The definition of Cauchy Sequences in topological spaces is the following:

Let $\{x_n\}_{n \in \mathbb{N}}$ denote a Cauchy sequence. For any neighborhood $N$ of $0$, there exists a natural number $N$ such that $m, n \geq N$ gives $x_m – x_n \in N$.

Let $X$ denote a locally compact space. Consider $C(X, \mathbb{R})$ with the compact-open topology. Suppose that $N \subset C(X, \mathbb{R})$ is a compact neighborhood of $0$. Given a Cauchy sequence of continuous functions $\{f_n\}_{n \in \mathbb{N}} \subset C(X, \mathbb{R})$, does it follow that $\{f_n\}_{n \in \mathbb{N}}$ converges uniformly to the function $f(x) = \lim_{n \to \infty} f_n(x)$?

The function $f$ is well-defined due the fact that $\{f_n(x)\}$ is Cauchy for each $x \in X$. However, I do not know how to proceed from here. I suspect that there is a relation between my doubt and the following result (taken from Uniformly Cauchy Sequence article), but I was unable to locate a proof.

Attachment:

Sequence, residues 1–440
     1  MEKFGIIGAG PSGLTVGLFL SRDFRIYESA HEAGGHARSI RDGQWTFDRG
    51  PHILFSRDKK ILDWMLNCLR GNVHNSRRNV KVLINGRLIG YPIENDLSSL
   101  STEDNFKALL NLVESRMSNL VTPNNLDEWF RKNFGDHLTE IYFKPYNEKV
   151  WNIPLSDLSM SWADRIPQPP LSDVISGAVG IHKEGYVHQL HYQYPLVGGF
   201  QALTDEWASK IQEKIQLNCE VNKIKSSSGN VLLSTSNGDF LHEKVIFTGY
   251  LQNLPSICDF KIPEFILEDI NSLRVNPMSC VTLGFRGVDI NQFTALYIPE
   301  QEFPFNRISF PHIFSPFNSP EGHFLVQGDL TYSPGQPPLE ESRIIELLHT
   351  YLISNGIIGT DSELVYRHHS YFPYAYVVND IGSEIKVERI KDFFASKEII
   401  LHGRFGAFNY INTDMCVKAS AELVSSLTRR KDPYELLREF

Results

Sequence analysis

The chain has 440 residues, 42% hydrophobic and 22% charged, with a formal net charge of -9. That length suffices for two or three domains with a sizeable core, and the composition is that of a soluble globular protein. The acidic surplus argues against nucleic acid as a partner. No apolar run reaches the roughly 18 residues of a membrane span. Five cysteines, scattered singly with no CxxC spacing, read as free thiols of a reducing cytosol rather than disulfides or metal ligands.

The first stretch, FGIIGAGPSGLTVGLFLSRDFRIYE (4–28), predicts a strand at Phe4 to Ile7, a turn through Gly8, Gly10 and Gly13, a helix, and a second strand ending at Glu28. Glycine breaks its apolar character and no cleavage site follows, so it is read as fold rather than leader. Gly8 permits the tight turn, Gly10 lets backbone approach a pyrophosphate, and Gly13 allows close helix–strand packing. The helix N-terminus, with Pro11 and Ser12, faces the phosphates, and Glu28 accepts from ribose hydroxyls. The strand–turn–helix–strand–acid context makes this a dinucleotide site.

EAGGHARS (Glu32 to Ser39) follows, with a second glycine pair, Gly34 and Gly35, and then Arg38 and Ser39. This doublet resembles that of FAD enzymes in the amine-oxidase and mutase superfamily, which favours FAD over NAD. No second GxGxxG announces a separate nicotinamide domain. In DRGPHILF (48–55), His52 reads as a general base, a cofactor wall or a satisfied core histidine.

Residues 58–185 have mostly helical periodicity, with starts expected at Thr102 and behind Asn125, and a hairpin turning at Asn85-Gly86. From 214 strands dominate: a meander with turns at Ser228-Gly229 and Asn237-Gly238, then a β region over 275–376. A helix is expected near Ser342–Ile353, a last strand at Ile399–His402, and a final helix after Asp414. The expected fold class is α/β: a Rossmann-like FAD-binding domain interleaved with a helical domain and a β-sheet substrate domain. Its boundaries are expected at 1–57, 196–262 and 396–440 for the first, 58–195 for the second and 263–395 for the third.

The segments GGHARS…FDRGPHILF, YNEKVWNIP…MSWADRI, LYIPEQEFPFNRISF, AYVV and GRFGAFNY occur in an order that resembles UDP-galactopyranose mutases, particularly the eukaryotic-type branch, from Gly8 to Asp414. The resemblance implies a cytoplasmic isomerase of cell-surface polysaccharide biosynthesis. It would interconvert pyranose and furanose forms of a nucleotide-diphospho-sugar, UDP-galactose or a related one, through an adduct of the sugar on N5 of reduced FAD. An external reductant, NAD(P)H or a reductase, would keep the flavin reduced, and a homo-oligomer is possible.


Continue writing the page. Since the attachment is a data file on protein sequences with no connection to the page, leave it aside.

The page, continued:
Let S be a topological space and M a complete metric space. Then any uniformly Cauchy sequence of continuous functions $f_n: S \to M$ tends uniformly to a unique continuous function $f: S \to M$.

## Best Answer

If $N \subseteq C(X,\Bbb R)$ is a compact neighbourhood of $0$ it follows by standard results that $C(X,\Bbb R)$ is finite-dimensional and $X$ is a finite space and $C(X,\Bbb R) \simeq $\Bbb R^k$ for some $k \in \Bbb N$.

In that case $f_n \to f$ uniformly is trivial.

The final statement of uniformly Cauchy sequences holds for $C(X,\Bbb R)$ in the uniform metric,

notfor the compact-open topology in general.